We utilize the latest and safest hyperthermia methods with InfraRed technology instead of the older microwave methods.
Hyperthermia to Treat Cancer?
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Directly from the American Cancer Society: "Hyperthermia means a body temperature that is higher than normal. High body temperatures are often caused by illnesses, such as fever or heat stroke. But hyperthermia can also refer to heat treatment – the carefully controlled use of heat for medical purposes. Here, we will focus on how heat is used to treat cancer.
When cells in the body are exposed to higher than normal temperatures, changes take place inside the cells. Warmer temperatures can make the cells more likely to be affected by other treatments such as radiation therapy or chemotherapy. Very high temperatures can kill cancer cells outright, but they also can injure or kill normal cells and tissues. This is why hyperthermia must be carefully controlled and should be done by doctors who are experienced in using it.
The idea of using heat to treat cancer has been around for some time, but early attempts had mixed results. For instance, it was hard to maintain the right temperature in the right area while limiting the effects on other parts of the body. But today, newer tools allow better control and more precise delivery of heat, and hyperthermia is being used (or studied for use) against many types of cancer."
We utilize hyperthermia technology from Japan. As a matter of fact, it is widely used (in nearly 500 hospitals) there for a multitude of diseases.
How is hyperthermia used in cancer?
There are 2 very different ways in which hyperthermia can be used:
- Very high temperatures can be used to destroy a small area of cells, such as a tumor. This is often called local hyperthermia or thermal ablation. This is the safest and is the form that we utilize.
- The temperature of a part of the body (or even the whole body) can be raised a few degrees higher than normal. It also helps other cancer treatments such as radiation, immunotherapy, or chemotherapy work better. This is called regional hyperthermia or whole-body hyperthermia.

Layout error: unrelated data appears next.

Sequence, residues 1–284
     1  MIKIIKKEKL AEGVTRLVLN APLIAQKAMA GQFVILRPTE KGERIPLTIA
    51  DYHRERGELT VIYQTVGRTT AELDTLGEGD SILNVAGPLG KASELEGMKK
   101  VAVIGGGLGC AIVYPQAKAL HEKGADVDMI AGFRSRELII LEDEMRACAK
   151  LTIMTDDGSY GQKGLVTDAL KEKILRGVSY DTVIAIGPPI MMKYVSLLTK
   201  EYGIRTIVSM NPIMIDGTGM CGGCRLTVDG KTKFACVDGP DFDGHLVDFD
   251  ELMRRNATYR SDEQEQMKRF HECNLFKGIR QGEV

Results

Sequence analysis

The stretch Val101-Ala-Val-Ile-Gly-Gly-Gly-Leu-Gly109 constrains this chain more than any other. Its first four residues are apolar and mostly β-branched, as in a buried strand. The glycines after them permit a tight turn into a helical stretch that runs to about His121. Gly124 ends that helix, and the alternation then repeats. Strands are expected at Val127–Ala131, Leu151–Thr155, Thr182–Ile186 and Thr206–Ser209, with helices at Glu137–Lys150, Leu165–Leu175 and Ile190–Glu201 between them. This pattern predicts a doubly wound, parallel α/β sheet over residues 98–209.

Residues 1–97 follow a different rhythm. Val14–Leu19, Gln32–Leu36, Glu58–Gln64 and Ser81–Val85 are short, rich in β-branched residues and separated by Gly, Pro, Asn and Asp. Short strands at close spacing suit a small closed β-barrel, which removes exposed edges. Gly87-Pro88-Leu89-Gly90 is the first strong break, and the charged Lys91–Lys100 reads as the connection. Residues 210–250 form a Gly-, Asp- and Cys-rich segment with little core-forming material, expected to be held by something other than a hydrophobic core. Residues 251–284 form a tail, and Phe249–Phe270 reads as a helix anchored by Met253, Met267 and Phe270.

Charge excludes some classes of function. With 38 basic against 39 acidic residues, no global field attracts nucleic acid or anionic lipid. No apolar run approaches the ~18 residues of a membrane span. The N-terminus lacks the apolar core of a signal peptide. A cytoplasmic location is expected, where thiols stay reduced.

Local hyperthermia uses high heat
Local hyperthermia is used to heat a small area like a tumor. A high temperature true-infrared instrument is used to kill the cancer cells by coagulating the proteins in them and destroying nearby blood vessels. In effect, this 'cooks the area' that is exposed to the heat. While the damage is done to the cancer, the patient simply feels a warm sensation that is both comfortable and noninvasive.
Recent published study:
"Hisataka Kobayashi, a chief scientist at the U.S. National Institutes of Health, has developed a new method for treating cancer that uses harmless infrared light, a potentially major breakthrough in the battle against the deadly disease.
In experiments, the treatment cured mice in 80 percent of cases with no side-effects. The research results were published online in the Nature Medicine magazine in November.
Kobayashi and his team focused on a special chemical that emits heat when exposed to light. They created a drug that combines this chemical with an antibody that connects to proteins (antigens) on cancer cells. The day after the drug is injected, near-infrared light, which easily passes through the body, is shone on the cancer cells to which the drug has adhered, thus creating heat and destroying the cancerous cells.
The harmless infrared light and the ability of the heat-emitting chemical to quickly metabolize in the body make the treatment "very safe," according to Kobayashi, a graduate of Kyoto University.
In the study, mice with malignant cancer that would normally die within two weeks were injected with the drug. Over the following two days they were exposed to a daily dose of 15 minutes of near-infrared light. Repeating this regimen four times, with treatment performed every other week, completely cured 80 percent of the mice.
Reportedly, practical application of antibodies has already been employed for treating lung, colon, breast and other forms of cancer. Different drugs for each type of cancer can be made.
“The advantages are that it produces no side-effects and the treatment is repeatable,” said Kobayashi. “We want to start clinical trials within the next five years.""
"There is always a REASON, a 'why', for someone getting cancer. How in the world can anyone truly get better without discovering exactly what that IS." Dr. Conners